It's the middle of winter and thoughts of a holiday are tempting. Many parents may think that missing a day of school here and there is no big deal for a child, but pediatricians warn absences can add up quickly and seriously impact a child for life.
"As early as kindergarten, missing more school affects things like third-grade reading scores, third-grade math scores," said Dr. Mandy Allison, one of the authors of a U.S. policy statement. "What we also know is that missing school in younger grades leads to missing school in older grades, and missing school in older grades is linked to school dropout."
Allison said school dropout and poor attendance in adolescents is linked to drug and alcohol use, as well as a greater likelihood of unemployment or work in lower-paying jobs.
"It's this chain of events that starts at a very young age," Allison said.
In Canada, chronic school absenteeism is defined as missing 10 per cent of the school year, or about 19 days. That's like missing just two days a month, for any reason.
Last week, the American Academy of Pediatrics reported that better data tracking in the U.S. revealed 13 per cent of kids end up missing an entire month's worth of school each year. The latest statistics available in Ontario show that for the 2015-16 school year, on average, 11 per cent of elementary school kids were chronically absent from school. In some areas of the province, the average absence rate was more than 20 per cent.
The more a child can be in school, the better, said Dr. Sloane Freeman, a pediatrician who works in Toronto schools. (Craig Chivers/CBC)
The U.S. researchers said common, preventable causes of school absences range from:
- Infections such as influenza.
- Poorly controlled chronic conditions like asthma.
- Socioeconomic factors such as unstable housing conditions, transportation difficulties, exposure to domestic violence and being called on to care for younger family members.
The report's authors highlight ways to improve school attendance, such as increased hand washing and on-site medical services.
Jim Van Buskirk, chief social worker with the Peel District School Board, said chronic absenteeism is described as being away more than 10 per cent of the school year, or about 20 days. (Craig Chivers/CBC)
Conversations between schools and parents
Toronto pediatrician Dr. Sloane Freeman, who works at a clinic inside an inner city school, said she tries to work with families "to let them know that the more their child can be in school, the better."
Freeman said that when parents face chronic absenteeism in their child, it can be due to a variety of matters, from learning disabilities to bullying to substance abuse. By encouraging parents to step forward, Freeman said schools can offer support to benefit the student's overall health as well as job opportunities years later.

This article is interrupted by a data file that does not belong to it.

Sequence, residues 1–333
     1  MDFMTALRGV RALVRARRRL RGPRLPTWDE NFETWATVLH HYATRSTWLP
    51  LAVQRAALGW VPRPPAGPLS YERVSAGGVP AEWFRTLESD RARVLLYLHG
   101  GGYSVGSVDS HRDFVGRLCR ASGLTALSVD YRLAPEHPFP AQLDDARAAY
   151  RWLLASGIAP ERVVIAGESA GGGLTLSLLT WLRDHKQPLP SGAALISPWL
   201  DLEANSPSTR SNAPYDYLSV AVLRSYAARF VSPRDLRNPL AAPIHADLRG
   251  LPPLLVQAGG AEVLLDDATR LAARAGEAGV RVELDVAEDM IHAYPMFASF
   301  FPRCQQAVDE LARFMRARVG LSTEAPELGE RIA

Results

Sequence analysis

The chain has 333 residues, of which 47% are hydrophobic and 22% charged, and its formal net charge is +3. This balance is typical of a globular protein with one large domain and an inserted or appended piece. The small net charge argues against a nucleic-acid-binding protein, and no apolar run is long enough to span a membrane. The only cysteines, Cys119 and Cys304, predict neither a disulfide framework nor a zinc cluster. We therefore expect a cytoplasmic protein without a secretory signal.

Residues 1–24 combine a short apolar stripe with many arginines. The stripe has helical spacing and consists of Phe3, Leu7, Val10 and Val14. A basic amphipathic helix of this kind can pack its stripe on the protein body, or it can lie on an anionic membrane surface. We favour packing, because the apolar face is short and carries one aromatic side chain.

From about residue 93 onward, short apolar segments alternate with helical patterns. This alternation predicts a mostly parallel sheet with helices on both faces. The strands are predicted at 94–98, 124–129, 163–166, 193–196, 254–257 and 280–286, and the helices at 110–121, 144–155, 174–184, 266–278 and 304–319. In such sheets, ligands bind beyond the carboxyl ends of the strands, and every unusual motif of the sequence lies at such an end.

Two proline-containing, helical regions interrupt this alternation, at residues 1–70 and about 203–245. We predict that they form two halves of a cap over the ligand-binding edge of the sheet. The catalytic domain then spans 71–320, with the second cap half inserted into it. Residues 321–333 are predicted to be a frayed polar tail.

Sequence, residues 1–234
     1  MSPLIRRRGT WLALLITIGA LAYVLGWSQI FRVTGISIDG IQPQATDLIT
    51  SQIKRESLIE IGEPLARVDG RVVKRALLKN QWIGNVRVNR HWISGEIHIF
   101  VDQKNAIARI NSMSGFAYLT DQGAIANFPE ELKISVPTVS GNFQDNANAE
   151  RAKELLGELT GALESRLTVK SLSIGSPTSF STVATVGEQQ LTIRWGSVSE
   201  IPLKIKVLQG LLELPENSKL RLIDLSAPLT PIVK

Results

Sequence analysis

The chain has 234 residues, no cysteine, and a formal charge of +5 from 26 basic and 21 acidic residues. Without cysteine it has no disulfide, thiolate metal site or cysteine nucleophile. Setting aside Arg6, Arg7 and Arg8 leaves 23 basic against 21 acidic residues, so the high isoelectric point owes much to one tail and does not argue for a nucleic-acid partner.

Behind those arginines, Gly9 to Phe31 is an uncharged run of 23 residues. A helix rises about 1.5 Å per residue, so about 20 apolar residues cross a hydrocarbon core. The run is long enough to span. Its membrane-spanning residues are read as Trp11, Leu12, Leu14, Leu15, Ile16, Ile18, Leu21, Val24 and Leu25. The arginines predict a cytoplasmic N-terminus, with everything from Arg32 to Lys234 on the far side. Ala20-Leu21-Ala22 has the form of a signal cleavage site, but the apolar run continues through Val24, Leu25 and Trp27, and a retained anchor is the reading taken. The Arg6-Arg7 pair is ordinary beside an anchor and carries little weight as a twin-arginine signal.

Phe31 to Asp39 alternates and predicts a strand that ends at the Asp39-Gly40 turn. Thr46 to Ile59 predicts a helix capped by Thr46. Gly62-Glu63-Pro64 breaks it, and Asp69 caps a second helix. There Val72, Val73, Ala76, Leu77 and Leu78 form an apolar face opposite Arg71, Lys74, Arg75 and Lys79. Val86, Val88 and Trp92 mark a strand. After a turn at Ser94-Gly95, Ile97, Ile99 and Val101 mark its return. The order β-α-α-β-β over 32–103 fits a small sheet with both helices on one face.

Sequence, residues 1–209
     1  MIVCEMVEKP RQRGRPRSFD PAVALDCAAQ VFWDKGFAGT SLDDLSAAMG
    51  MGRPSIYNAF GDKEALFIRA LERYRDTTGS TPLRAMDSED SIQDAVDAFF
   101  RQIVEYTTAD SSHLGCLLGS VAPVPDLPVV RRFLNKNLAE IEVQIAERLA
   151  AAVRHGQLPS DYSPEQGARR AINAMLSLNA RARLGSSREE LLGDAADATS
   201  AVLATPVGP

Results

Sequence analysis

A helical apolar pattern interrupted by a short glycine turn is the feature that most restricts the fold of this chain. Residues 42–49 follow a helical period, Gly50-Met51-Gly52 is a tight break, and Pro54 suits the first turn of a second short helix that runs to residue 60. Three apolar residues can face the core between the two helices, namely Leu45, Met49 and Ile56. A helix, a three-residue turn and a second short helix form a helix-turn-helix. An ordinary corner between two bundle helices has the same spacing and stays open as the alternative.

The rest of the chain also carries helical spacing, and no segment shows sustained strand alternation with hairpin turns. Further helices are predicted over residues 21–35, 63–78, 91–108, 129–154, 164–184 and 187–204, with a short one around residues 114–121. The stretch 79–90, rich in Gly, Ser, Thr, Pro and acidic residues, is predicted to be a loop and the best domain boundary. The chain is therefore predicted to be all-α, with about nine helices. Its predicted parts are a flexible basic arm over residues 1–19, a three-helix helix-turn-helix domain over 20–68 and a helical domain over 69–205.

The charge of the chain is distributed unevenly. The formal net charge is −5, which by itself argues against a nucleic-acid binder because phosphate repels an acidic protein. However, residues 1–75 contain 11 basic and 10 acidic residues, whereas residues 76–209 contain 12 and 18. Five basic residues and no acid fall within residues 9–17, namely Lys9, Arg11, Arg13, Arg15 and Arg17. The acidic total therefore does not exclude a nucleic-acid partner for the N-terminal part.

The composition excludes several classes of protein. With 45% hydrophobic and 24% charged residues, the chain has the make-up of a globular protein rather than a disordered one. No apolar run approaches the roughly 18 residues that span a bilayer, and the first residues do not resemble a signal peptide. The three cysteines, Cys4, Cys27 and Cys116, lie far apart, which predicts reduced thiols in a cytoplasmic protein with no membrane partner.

Freeman recalled a boy in the primary grades who was transferring between different family members. He had mental health issues and developmental problems, and wasn't getting along with teachers or friends.
With the parents' consent, Freeman said the principal was able to "take this child and walk them to the school clinic and say, 'Listen, we just want you to meet the doctor … Let's see what we can do.'"
The boy had quite significant ADHD. Once treatment started, his behaviour at home improved and it was easier to get him to school. Then his grades went up and he started to feel better, Freeman said.
Chronic absenteeism is a complex issue with multiple causes, said Jim Van Buskirk, chief social worker in the Peel District School Board, one of the largest in Ontario.
"Part of that conversation is between the school and the parent, and what's the impact for your child as opposed to children generally," Van Buskirk said. Parents know their child best and can tell if absences are likely to help or hinder their development.
It's really important to monitor school attendance and to try to understand what's behind the absenteeism before it becomes prolonged, Van Buskirk said.
Mandy Allison and her U.S. team encouraged pediatricians to stress the value of developing strong school attendance habits as early as preschool.
Their suggestions to pediatricians and other primary care providers included:
- Asking about the number of school days missed in the past month at every visit, when appropriate.
- Documenting children's medical needs for an Individualized education program when needed for access to services in school.
- Providing firm guidance on when a child should stay home sick and when a child can attend school.
- Avoiding writing excuses for school absences when the absence was not appropriate. That means encouraging patients who are well enough to return to school immediately after their medical appointments.
It's important for pediatricians to connect the medical and education sectors, said Allison.
"It's a place where we both care," she said.
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